Growing Canna Lilies
Canna Lilies are not Lilies!
These fabulous wildly exotic plants are kissing cousins to Bananas and Ginger plants.
Order: Zingiberales, Family: Cannaceae, Genus: Canna
Although Canna Lilies originally came from the tropics, most of the cultivars have been developed in temperate areas. They will survive a wide range of conditions
Canna Lilies have many uses
Canna Lilies are multi-talented plants. They have been grown for their spectacular foliage which can be various shades of green, variegated or a fabulous bronze colour.
Some Canna Lilies have lovely flowers and produce seeds. In my garden growing canna lilies has rewarded me by providing exuberant exotic foliage with the addition of bright red flower spikes.
Cannas are not only grown for their appearance, but also for their large starchy rhizomes.
These are used for human and animal food. The foliage is useful as fodder and the young shoots are eaten when they are tender. The inner core is crispy and mildly sweet and can be added to salads (I've tasted them and give them thumbs up.)
Seeds have been used as beads and inside rattles. They are also ground into tortillas.
Canna plants have also been used to produce paper
I planted quite a lot of cannas this year in my new house and the flowers were attracting lots of hummingbirds.
Growing Canna Lilies
Canna Lilies are a favourite of gardeners everywhere because of their good nature and reliable show. They are also safe around pets and children since they are not poisonous at all.
Given proper drainage they will thrive in most soils although I've had more success in lighter mixes. They don't like wet feet. They can tolerate dry conditions better.
Cannas are fast growing plants and can reach 6 feet.
They are usually grown by planting a rhizome. I never bury the Canna rhizome very deep, 4-6 inches below the surface is all they need. Plant them in the spring once the ground has warmed up a bit and there is no frost. I put mine in May, otherwise they start growing in the peat moss I overwinter them in.
I've heard that commercial growers sometimes grow them as sterile cuttings in growing medium. They produce seeds but I've never tried growing them by seed because it's so easy to propagate them using the rhizomes.
Garden store will often sell the young plants in the spring, looking innocent in smallish pots. As soon as you give them a bit more space they take off and grow at a surprising rate in good conditions. The Variegated types are slower. There are also "dwarf" varieties.
Canna lilies do very well in pots. I've grown them for years in my little back garden using 12-14 pots. The plants in the photo above are in a plastic pot and are well over 4 feet high.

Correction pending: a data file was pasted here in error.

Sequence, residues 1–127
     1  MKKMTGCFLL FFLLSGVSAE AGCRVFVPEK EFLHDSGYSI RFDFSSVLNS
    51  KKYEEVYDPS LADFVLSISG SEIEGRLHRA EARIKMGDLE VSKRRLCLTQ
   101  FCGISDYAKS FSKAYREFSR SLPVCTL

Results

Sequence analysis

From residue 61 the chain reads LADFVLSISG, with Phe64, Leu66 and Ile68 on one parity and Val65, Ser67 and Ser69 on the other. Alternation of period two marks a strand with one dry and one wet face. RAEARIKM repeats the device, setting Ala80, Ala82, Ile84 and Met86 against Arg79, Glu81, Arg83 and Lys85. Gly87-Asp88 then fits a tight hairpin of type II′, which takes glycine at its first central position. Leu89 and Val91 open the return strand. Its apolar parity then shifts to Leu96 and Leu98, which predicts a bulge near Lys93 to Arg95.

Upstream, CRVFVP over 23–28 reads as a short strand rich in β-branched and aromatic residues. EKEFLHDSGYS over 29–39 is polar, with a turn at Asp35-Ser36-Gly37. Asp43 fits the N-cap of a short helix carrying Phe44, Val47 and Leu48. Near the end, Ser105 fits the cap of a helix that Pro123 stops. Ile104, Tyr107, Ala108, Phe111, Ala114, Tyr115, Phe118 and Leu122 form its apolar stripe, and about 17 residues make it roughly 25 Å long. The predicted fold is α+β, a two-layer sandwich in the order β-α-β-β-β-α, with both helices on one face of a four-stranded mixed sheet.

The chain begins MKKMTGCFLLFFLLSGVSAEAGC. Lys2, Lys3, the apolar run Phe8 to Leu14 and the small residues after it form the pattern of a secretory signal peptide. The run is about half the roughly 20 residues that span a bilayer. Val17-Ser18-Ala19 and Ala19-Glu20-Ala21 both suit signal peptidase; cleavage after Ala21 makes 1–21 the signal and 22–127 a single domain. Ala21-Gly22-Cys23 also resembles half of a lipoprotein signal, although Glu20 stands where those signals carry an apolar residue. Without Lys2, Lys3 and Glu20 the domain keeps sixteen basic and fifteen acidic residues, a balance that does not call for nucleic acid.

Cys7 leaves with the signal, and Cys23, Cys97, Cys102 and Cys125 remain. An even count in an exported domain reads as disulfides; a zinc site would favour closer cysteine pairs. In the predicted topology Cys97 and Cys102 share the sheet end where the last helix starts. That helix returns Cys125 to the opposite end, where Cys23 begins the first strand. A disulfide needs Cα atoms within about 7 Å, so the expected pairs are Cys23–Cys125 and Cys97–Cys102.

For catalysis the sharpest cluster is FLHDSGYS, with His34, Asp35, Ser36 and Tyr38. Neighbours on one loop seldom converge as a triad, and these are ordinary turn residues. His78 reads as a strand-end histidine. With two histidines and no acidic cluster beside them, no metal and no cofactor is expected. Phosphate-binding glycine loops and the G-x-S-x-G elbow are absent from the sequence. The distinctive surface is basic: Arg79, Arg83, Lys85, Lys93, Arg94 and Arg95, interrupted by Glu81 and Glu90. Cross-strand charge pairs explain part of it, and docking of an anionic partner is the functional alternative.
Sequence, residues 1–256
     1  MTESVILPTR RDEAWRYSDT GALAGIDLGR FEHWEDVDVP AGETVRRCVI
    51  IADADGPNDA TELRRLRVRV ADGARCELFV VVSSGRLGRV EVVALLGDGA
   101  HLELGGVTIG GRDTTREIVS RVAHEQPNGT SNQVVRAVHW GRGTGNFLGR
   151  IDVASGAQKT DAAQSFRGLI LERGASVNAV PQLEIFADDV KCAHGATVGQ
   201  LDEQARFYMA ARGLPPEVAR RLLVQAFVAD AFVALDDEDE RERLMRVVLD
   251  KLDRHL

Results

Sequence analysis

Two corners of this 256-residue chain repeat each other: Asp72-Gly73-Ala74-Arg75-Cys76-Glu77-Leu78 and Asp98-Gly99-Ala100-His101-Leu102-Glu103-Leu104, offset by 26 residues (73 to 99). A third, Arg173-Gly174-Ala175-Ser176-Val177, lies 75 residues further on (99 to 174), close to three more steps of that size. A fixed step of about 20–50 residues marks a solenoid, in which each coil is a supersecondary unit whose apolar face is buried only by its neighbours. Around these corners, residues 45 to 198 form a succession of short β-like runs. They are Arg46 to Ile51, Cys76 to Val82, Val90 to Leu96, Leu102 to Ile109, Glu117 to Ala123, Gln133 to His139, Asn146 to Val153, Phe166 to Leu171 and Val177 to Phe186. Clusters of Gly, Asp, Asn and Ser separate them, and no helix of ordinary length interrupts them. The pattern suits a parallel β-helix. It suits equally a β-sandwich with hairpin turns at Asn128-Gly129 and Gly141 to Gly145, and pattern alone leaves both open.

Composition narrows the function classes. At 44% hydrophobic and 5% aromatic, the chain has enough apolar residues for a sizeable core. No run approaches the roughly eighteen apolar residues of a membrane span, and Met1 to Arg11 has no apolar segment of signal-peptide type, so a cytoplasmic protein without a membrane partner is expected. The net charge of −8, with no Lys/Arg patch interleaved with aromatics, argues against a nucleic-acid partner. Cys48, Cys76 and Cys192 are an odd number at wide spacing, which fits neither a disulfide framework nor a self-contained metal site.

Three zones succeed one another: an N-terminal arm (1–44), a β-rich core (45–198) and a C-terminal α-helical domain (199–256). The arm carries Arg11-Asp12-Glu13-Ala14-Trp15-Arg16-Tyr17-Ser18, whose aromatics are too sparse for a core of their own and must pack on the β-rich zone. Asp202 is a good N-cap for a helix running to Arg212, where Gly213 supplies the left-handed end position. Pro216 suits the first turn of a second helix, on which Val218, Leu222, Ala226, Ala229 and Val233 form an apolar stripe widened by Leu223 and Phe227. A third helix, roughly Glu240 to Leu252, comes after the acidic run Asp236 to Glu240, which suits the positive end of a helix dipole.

Plastic pots are better, Cannas can shatter a clay pot if the rhizome grow too big. I also have them in large garbage cans and they love this.
Canna Lilies like several hours of sun if they can get it. They will survive surprising amount of shade but flowers will not be as numerous. Plants on the left survive in mostly bright shade and camouflage the composter. Cats are often sleeping around the plant keeping an eye open for mice.
In the fall I dig up the rhyzomes, let them dry a bit, then pack them up in rubbermaid containers filled with peat moss. I put them in the cool basement for the winter. They survive just fine.
Pests and Diseases
Canna Lilies are hardy plants and are wonderfully free from problems.
Canna Lilies are delicious to Canna Leaf Rollers. These are little butterflies called skipper butterflies that produce a caterpillar that will shred a Canna Lily. They roll up the leaf and eat them. If you see the leaves getting gummed up with silk, you can open it up and remove the caterpillar. The leaf then gets a cleaning.
There are insecticides that can control these bugs. I try to avoid them and between picking out the big bad guys by hand and letting the good bugs deal with the little bad guys, I don't seem to have much trouble.
One day I had the visit from a few Japanese Beetles
I know gardeners everywhere despise them but they are very lovely insects with their bright copper bodies and iridescent head. They have little furry skirts of white hair tufts. I left them alone on their Canna and they ate a leaf to lace. One afternoon there was wild Japanese beetle romance and sex, then they disappeared. They are large insects and can be picked off by hand. This is what I do if there are more than just a couple.
There are also some viruses which attack Canna lilies. I've never seen any. Here is the Wikipedia article on Canna Virus.
After the first frost you can dig up the roots dry them a bit and store them for planting next spring.
I try to be accurate and check my information, but mistakes happen.email me if you find mistakes, I'll fix them and we'll all benefit: Christine